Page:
At least once a year, usually twice, small carnivals would set up for the weekend. There would be rides and games and carnival workers who appeared very exotic to us, leathery, thin, tanned sly-looking people, men and women, who tried to cajole you into tossing rings, firing BB guns, or pitching ping pong balls into small glasses with goldfish. No kid’s mother was ever pleased to see you come home with a goldfish. If you won one it would surely be dead within a couple of days. No one ever won any of the decent prizes.
In the summer the park was filled with picnickers and extended families holding annual family reunions. There were long covered shelters with end-to-end picnic tables where these reunions were held, much coveted, sheltered spaces because of the possibility of rain. On a summer weekend when a reunion was scheduled a member of the family would be assigned the job of going over on a Friday night and sleeping on one of the picnic tables in a shelter so no one else could grab it the next day for their own reunion. I hated our reunion, the Bush family reunion, mostly because as a kid you were continually besieged by at least three or four hundred (no, I am exaggerating) very large aunts who were all enormously fat with arms the size of smoked hams where the skin of the upper arm flapped heavily, bosoms that threatened to smother you and facial hair that tickled and prickled when they gathered you up and gave you kisses. Acres of country dishes were spread out on the tables with several grills nearby pumping out platters of grilled chicken and hamburgers and hotdogs. The men worked the grills and played horseshoes, and the kids just ran around and around. As much as I hated it, I also loved it.
We went to the swimming pool almost every day in the summer. We had books of tickets, one of which you would hand over to the bored teenager at the entrance who would give you a basket that had a number on a small metal plate and a giant safety pin with the corresponding number attached. You’d go into the appropriate dressing room, change your clothes and stash them in the basket and hand it to another attendant behind a beat-up, wooden counter on the way out. The safety pin was attached to your swimming suit. You would give it back to the attendant as you left the pool, and it would be matched with the basket with your clothing so you could change into your clothes and head home for dinner. We would be at the pool for hours and hours and usually had the sunburn to prove it.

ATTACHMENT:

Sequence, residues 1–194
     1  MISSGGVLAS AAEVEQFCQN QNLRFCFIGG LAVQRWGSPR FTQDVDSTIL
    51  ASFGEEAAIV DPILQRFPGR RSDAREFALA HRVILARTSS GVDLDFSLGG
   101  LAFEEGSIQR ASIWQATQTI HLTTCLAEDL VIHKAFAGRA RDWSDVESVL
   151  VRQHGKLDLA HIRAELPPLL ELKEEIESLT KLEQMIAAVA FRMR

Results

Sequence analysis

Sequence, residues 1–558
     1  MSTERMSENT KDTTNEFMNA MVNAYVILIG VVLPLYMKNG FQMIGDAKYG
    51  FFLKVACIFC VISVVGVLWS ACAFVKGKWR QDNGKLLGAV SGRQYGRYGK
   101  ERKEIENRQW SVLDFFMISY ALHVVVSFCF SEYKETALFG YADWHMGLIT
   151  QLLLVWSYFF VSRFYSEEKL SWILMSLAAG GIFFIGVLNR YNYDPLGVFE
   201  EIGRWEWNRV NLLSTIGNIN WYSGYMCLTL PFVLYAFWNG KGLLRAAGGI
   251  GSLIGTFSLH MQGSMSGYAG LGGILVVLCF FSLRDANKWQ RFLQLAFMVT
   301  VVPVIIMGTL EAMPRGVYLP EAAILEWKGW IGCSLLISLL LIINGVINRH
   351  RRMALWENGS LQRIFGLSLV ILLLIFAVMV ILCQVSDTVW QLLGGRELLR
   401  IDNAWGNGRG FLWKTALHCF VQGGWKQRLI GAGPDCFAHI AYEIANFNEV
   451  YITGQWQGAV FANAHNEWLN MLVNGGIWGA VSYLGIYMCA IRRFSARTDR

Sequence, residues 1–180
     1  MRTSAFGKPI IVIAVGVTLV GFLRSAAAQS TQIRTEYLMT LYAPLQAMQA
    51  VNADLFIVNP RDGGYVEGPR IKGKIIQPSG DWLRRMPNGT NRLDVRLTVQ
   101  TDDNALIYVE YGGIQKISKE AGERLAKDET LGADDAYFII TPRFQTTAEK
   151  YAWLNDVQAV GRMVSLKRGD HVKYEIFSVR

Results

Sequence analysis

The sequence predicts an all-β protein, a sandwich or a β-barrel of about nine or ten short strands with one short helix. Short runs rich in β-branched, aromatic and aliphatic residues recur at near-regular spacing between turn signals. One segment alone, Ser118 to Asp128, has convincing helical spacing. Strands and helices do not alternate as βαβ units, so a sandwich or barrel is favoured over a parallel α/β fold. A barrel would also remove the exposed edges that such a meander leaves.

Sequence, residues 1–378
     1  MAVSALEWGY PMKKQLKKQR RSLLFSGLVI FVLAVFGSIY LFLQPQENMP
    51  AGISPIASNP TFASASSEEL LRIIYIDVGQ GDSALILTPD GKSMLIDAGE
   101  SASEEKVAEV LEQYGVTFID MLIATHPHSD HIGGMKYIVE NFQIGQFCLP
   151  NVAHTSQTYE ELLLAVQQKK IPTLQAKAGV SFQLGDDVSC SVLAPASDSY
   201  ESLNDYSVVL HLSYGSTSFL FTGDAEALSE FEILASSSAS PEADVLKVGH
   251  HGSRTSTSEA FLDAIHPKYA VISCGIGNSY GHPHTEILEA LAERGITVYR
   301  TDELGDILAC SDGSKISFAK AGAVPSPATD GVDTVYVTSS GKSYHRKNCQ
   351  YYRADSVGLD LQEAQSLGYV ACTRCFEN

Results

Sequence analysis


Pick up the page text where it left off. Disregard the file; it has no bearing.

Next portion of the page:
One year when I was very young, my Aunt Mary was in town, and she took me to the pool. Because I was so young she dragged me into the women’s side to change my clothes. There were no cubicles there, just benches with all the women stripped down as they were changing. Beside me, an enormous fat woman, and I mean really enormous, stark naked, bent over to put her suit on and her giant behind was so close to me I was severely traumatized; I told my mother I would never go in the women’s side again, no matter what, and I never did. I went in alone on the men’s side and changed by myself; if a pervert had kidnapped me and made me his sex slave I would have preferred it to ever having to see another fat woman’s ass the size of a Volkswagen bus.
Here’s a city park story.
The summer I joined the band I was fourteen; most of my friends were fifteen. By the next summer, the oldest would have their driver’s licenses, which greatly expanded our roaming range. But this summer we were on foot except when our parents gave us rides to wherever we were going. The city park was centrally located to the houses of our small gang that met there at night on the weekends. We certainly weren’t going to have our parents drive us to the park for these revels, nor did we need them to.
These were pre-mall days. In many ways having malls to drop young teens off is a godsend for parents. They’re indoors, climate-controlled, patrolled by their own police forces, clean, have food and drink and provide all sorts of legal entertainment. The city park, on the other hand, was dark and provided plenty of semi-hidden places for small groups of young men up to no good to gather.